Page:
Joel Anthony could become a better player by copying Ben Wallace's ... offense?

Writing for ESPN’s Miami Heat Index, John Krolik evaluates Heat center (or centre? He is Canadian, after all) Joel Anthony’s season and what he can do to become a more well-rounded player for the Heat. Anthony is active and a solid rebounder and shot blocker, but he’s a non-factor on offense, which hurts the Heat when he’s on the court.

One possible solution? Watch a little Ben Wallace:

Wallace never learned to make free throws, and as he got older he couldn’t really convert layups or dunks very well anymore, but he hid himself exceedingly well offensively by staying in constant motion, making good screens and cuts, and executing surprisingly good passes whenever he had the choice between attempting a contested layup against a rotating defense or feeding an open teammate.

When Wallace played with the Cavaliers in the 2008-09 season, the Cavaliers were shockingly good offensively with a starting offensive frontcourt of Wallace and Zydrunas Ilgauskas — in fact, the Cavaliers were a full four points per 100 possessions better offensively when Wallace played than when he sat. When you consider that Wallace was horrible at both free throws and layups at that point in his career, that’s fairly incredible.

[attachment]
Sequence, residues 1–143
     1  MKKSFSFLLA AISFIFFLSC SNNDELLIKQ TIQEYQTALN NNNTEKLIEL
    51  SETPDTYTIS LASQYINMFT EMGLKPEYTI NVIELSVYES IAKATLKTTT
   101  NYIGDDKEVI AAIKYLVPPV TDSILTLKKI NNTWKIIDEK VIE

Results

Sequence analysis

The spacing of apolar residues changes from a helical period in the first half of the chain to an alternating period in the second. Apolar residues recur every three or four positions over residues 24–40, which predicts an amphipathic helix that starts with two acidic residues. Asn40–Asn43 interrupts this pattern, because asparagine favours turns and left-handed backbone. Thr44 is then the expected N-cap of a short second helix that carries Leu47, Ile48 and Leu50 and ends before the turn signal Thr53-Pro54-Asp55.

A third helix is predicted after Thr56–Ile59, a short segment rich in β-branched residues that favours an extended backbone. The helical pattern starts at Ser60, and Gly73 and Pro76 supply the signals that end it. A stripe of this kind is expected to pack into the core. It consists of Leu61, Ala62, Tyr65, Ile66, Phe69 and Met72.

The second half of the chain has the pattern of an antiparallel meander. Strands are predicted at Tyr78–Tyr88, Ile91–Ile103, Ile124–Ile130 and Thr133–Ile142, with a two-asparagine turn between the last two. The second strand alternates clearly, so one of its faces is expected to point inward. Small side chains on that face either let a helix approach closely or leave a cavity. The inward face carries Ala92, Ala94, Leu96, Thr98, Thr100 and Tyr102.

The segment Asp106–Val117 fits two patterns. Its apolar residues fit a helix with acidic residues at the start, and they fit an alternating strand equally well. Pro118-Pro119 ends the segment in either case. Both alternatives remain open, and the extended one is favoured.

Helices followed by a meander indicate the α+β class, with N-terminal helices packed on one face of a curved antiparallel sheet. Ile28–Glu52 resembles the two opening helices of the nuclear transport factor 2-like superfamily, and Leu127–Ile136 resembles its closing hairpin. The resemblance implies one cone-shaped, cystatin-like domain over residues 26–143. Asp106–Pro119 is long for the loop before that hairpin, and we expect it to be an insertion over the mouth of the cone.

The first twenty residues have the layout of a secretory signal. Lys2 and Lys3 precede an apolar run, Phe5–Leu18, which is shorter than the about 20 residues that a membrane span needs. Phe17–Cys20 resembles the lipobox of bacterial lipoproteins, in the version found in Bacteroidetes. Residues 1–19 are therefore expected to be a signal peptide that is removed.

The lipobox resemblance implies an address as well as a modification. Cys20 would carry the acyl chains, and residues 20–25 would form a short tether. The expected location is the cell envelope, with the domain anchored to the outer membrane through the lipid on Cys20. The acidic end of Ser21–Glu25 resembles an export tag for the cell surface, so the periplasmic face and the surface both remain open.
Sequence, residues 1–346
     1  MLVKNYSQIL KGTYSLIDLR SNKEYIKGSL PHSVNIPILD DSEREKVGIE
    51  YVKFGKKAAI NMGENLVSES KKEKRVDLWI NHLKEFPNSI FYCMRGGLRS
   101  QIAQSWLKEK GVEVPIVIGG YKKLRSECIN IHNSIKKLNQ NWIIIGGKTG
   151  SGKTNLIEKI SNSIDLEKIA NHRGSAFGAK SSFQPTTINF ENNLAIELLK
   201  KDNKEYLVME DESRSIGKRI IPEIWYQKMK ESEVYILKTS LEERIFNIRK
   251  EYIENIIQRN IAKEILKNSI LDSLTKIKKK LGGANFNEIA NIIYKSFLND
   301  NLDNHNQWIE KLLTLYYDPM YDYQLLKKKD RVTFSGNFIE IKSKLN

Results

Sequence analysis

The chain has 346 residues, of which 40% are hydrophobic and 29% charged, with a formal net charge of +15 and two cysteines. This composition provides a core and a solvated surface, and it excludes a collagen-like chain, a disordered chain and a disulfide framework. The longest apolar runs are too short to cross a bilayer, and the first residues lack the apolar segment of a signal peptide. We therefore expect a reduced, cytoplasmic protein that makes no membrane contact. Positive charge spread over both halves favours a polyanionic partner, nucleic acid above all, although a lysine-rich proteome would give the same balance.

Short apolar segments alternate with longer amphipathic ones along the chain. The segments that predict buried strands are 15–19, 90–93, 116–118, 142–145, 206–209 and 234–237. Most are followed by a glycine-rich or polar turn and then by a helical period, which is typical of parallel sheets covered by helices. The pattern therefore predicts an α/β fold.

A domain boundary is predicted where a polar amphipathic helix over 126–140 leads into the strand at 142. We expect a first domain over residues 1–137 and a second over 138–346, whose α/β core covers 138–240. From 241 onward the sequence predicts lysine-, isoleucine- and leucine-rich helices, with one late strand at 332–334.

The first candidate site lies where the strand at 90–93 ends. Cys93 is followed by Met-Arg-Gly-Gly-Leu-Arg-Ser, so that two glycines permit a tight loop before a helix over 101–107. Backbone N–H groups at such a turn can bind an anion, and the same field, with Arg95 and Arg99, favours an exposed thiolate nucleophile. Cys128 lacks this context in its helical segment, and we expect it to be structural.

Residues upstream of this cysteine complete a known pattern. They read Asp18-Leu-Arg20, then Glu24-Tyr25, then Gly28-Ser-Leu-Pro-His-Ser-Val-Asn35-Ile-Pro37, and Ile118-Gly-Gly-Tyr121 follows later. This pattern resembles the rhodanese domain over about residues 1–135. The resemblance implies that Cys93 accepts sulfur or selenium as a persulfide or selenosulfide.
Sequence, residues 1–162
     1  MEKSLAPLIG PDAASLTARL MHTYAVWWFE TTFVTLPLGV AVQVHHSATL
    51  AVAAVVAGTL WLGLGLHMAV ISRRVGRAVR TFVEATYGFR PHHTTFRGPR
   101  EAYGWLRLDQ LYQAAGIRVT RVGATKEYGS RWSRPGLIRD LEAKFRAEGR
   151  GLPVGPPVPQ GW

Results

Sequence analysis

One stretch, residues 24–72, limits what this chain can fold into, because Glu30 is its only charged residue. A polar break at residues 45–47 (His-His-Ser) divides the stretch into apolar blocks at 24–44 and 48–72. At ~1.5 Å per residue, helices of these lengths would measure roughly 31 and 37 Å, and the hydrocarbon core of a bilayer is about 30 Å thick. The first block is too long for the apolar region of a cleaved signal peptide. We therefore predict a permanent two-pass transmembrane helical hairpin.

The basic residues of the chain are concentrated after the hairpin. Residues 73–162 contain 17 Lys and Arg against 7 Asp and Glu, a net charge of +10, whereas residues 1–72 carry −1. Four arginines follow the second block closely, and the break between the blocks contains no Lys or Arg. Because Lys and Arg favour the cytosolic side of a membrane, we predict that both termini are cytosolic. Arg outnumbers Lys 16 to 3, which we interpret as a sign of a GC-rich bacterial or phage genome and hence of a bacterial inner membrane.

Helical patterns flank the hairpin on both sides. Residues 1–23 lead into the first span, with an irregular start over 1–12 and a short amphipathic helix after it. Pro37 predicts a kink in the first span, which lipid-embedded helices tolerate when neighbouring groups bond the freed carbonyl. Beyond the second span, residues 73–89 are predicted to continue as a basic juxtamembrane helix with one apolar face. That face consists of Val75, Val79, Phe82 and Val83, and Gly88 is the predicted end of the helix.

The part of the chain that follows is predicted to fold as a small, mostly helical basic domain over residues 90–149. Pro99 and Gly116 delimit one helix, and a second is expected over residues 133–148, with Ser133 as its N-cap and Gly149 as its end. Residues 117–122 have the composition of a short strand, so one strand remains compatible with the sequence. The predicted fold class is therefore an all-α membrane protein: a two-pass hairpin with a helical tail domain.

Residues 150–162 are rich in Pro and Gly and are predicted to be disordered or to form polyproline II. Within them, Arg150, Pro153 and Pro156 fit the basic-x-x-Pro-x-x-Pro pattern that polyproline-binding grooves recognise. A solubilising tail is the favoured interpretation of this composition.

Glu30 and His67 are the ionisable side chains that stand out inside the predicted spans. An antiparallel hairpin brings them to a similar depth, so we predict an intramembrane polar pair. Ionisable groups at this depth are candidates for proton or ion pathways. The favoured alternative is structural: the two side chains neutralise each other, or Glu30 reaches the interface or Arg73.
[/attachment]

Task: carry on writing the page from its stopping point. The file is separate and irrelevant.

The biggest Wallace myth out there has always been that he’s a liability offensively. The reality is much different. It’s true Wallace was never a scorer and was never a guy who was particularly comfortable catching the ball and trying to post his man up. But, first of all, he’s been an incredible offensive rebounder in his career, which creates extra possessions. He also developed into a very good passer. So, when you combine that passing with the offensive rebounding, you have a player who became pretty good at getting his teammates the ball in spots they liked and in a position where they either had a shot or could set up an even better shot for someone else.

Anthony, like Wallace, will never be a player whose offense scares an opposing team, but if he develops into a crafty player who makes good passes, takes good shots when they are presented and doesn’t turn the ball over, he could really help the Heat improve next season.

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